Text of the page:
The Classical Jazz Quartet - play Bach

KOB 10012


  • tracks
  • musicians
  • information
  • reviews
  1. jesu, joy of man's desiring (j.s. bach)
  2. oboe concerto in a major, bwv 1055, 2nd movement (j.s. bach)
  3. brandenburg concerto no. 2 in f major, bwv 1047, 1st movement (j.s. bach)
  4. invention no. 4, bwv 775 (j.s. bach)
  5. brandenburg concerto no. 2 in f major, bwv 1047, 2nd movement (j.s. bach)
  6. air (j.s. bach)

kenny barron piano
ron carter bass
stefon harris vibes & marimba
lewis nash drums

recorded at avatar studios, new york, 2002
produced by bob belden and suzanne severini

kind of blue 10012

Originally released four years ago on the small Vertical Jazz label, the existence of The Classical Jazz Quartet play Bach was unknown to the majority of the jazz public and, as a result, the album failed to make the impact it deserved. However, following the highly positive critical and commercial response to the release of The Classical Jazz Quartet play Rachmaninov earlier this year, this important milestone in jazz is set to be given a new lease of life as it is re-released in re-mastered form on Kind of Blue.

The music of Bach provides the perfect framework for this group to display their balance of emotion and technical precision. Kenny Barron is in typically inspired form and the quartet mingle beautifully around Ron Carter’s supple, melodic bass lines and Lewis Nash’s discrete and gently propulsive beat. On play Bach, the band’s interpretation of "Jesu, joy of man’s desiring" demonstrates their ability to shift mood in a single phrase and their arrangement of the ‘Brandenburg concerto #2’ is full of energy and creativity.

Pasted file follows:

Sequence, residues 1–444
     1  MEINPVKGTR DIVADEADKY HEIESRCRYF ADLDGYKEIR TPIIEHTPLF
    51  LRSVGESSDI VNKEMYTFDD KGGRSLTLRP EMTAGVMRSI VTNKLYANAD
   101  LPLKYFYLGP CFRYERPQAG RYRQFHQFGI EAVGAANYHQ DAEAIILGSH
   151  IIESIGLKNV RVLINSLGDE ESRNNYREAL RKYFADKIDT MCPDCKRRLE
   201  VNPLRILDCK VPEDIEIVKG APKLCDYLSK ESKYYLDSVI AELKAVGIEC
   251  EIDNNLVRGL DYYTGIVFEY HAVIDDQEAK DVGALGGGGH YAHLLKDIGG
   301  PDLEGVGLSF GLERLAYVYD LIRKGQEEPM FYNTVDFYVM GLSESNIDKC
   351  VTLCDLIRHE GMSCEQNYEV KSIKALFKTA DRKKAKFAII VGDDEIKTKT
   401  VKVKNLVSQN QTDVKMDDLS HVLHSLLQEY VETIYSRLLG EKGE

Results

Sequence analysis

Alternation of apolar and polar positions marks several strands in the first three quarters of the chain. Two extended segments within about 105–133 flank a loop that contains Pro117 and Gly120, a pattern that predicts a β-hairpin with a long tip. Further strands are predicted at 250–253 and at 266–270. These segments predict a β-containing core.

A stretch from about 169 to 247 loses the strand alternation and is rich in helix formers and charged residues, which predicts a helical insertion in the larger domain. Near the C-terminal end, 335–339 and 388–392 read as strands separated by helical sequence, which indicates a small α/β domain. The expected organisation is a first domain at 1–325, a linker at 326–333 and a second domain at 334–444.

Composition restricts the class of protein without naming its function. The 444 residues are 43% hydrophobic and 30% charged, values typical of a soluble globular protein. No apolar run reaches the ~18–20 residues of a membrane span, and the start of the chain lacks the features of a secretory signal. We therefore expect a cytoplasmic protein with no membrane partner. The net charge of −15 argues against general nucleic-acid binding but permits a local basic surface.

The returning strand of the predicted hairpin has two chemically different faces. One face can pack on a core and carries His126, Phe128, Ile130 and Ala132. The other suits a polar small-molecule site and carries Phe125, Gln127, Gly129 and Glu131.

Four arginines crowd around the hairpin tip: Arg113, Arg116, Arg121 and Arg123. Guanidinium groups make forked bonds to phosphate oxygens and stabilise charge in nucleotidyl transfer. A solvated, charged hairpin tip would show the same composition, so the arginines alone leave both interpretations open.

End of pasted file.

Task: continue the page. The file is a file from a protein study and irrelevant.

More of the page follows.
The Classical Jazz Quartet has been compared to the renowned Modern Jazz Quartet and it is true that both groups bring the influence of classical music and chamber groups to jazz improvisation, appealing to jazz and classical music fans alike. The CJQ has, however, maintained a strongly classical repertoire, and will continue to do so – distinguishing them from the MJQ even amidst the parallels of the two groups’ musicianship. The Classical Jazz Quartet will go down in history as one of the foremost jazz ensembles ever.

...the all-star CJQ shows how it should be done. Distinguished elder-statesmen Carter and Barron and relatively-young lions Harris and Nash really do engage with Bach's themes as they would any other raw material, doing great credit to themselves and the composer.
    -- Hi-Fi (UK)'s obvious that they enjoyed themselves immensely.
    - All Music Guide

related albums